|ESPN.com: Masters 2009||[Print without images]|
AUGUSTA, Ga. -- With purpose, Tiger Woods left a brief media session behind the 18th green and made a beeline for the Augusta National putting green.
|How rough a day was it on the greens for Tiger Woods on Thursday? His 32 putts put him in a tie for 83rd in the 96-player field.|
Within minutes, a half dozen golf balls were dropped on the surface, a couple of tees were pushed into the ground, and a putting drill commenced under the watchful eyes of coach Hank Haney and caddie Steve Williams.
The four-time Masters winner didn't express much displeasure with his putting, but the numbers bore out a different story: 32 putts, tied for 83rd in the Masters field. (Only Ernie Els, with 34, had more.)
Statistics are often misleading in golf, and Woods' 2-under-par 70 in the opening round Thursday was actually quite good considering that at one time he appeared to be spinning his wheels while everyone else was speeding through the storied course.
"I had good pace, just didn't make any putts," said Woods, whose 70 remains his lowest first-round score in 15 Masters appearances. "I hit good putts, then made one on 14. But the whole idea is I was hitting putts on my line, just got to read them a little bit better."
If there is reason for concern on a day when Woods hit the ball beautifully, it is that he complained about too many missed putts in the past three years when he finished tied for third (2006), third (2007) and second (2008).
Woods hit 10 of 14 fairways and 14 of 18 greens in regulation. But two of his four birdies were of the two-putt variety on the par-5 13th and 15th holes. He made just one long putt at the 14th and a kick-in birdie at the ninth.
And all the while, it seemed as if everyone else was going low. Chad Campbell had it to 9 under par and was threatening the course and major championship record of 63 before settling for a 7-under-par 65 -- the first in the tournament since Woods shot 65 during the third round in 2005. There were 38 rounds under par and 19 in the 60s on Thursday.
It took Woods until the ninth hole to make his first birdie and he didn't get under par for the round until making another birdie at the 12th.
"It's a long week, and the weather is going to start changing a little bit here, and you've just got to keep patient, stay with it," said Woods, playing in his first major championship since winning the U.S. Open in a playoff last June. "It's not like I haven't been in this position before. Just kind of hang in there, just take care of the back nine.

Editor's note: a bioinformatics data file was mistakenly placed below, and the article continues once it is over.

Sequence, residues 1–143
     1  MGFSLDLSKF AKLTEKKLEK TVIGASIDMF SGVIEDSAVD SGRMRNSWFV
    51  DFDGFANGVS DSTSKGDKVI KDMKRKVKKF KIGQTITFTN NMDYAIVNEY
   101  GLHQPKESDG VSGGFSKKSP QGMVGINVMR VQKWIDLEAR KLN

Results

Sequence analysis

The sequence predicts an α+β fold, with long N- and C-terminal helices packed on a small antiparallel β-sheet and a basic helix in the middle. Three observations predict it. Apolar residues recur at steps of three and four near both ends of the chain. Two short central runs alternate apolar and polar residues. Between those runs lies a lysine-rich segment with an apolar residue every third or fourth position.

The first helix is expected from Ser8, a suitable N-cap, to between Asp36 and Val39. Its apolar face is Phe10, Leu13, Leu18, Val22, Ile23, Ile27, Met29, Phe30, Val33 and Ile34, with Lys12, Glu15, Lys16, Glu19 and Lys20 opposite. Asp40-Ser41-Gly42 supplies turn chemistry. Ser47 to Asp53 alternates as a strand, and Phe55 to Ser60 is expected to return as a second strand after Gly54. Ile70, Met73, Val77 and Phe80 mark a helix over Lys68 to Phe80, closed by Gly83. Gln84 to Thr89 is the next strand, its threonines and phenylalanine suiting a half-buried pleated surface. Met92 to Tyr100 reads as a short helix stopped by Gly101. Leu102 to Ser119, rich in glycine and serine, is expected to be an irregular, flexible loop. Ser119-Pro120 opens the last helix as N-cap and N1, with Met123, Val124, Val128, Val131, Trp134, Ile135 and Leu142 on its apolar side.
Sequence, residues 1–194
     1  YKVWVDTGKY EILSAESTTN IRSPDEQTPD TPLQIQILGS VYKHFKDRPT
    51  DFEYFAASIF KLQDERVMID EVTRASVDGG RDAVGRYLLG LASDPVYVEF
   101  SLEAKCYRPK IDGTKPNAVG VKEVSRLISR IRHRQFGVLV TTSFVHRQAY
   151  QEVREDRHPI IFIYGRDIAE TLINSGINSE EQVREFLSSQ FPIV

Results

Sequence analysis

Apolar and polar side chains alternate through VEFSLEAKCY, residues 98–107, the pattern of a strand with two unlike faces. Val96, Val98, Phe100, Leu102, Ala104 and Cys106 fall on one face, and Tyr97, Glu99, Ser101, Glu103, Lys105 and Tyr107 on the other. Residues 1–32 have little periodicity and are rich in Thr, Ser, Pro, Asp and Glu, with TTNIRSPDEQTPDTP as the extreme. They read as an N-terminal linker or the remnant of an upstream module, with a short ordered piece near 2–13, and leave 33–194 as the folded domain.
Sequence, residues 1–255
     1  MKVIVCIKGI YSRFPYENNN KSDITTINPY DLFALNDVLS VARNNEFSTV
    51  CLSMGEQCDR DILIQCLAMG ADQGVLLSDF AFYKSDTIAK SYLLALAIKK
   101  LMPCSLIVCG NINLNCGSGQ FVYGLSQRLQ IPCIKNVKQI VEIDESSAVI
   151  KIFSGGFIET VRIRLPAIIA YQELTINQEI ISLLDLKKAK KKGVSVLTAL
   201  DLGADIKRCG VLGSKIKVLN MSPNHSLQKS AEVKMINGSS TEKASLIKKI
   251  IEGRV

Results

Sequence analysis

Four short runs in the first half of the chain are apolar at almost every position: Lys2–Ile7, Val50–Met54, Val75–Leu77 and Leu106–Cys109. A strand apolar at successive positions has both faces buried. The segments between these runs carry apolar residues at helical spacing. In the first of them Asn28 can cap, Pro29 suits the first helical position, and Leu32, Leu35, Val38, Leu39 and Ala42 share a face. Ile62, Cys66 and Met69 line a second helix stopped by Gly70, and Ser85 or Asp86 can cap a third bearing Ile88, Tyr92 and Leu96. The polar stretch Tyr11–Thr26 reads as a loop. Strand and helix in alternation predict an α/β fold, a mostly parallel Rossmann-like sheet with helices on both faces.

"This day was reminiscent of how it used to be. You could go out there on that back nine and make some birdies and shoot some pretty good numbers."
And that's what Woods did. After barely missing a birdie on the 12th, he rattled off three in a row from the 13th through the 15th holes.
Then he started missing a few that could have gone in. He had a 10-footer for birdie at the 16th and a 4-footer at the 17th and both stayed out of the hole.
"There's a lot of luck in putting," Haney said. "He may hit great putts and they might not go in. There's a lot of ways you can miss putts. You can be off on your speed. You can mishit it. Some of those things he doesn't do very much because he's so solid mechanically. Still, there are a lot of variables."
Still, Woods had a chance to get into the 60s if he had parred the 18th hole. But he missed the green long with an 8-iron and faced a difficult pitch that trickled to the front of the green -- with the pin in the back.
From there, he two-putted for a bogey and a 70 that left him 5 shots back of Campbell and in a tie for 20th place.
The only time Woods has won from farther back after the first day was in 2005, when he was 33rd after opening with a 74.
In each of his other three victories, Woods shot 70 in the first round.
Still, it remains odd that Woods has never shot in the 60s in a first round here, a fact that was mentioned to him.
"Yeah, but that's how I won it four times, too," he said.
Bob Harig covers golf for ESPN.com. He can be reached at BobHarig@gmail.com.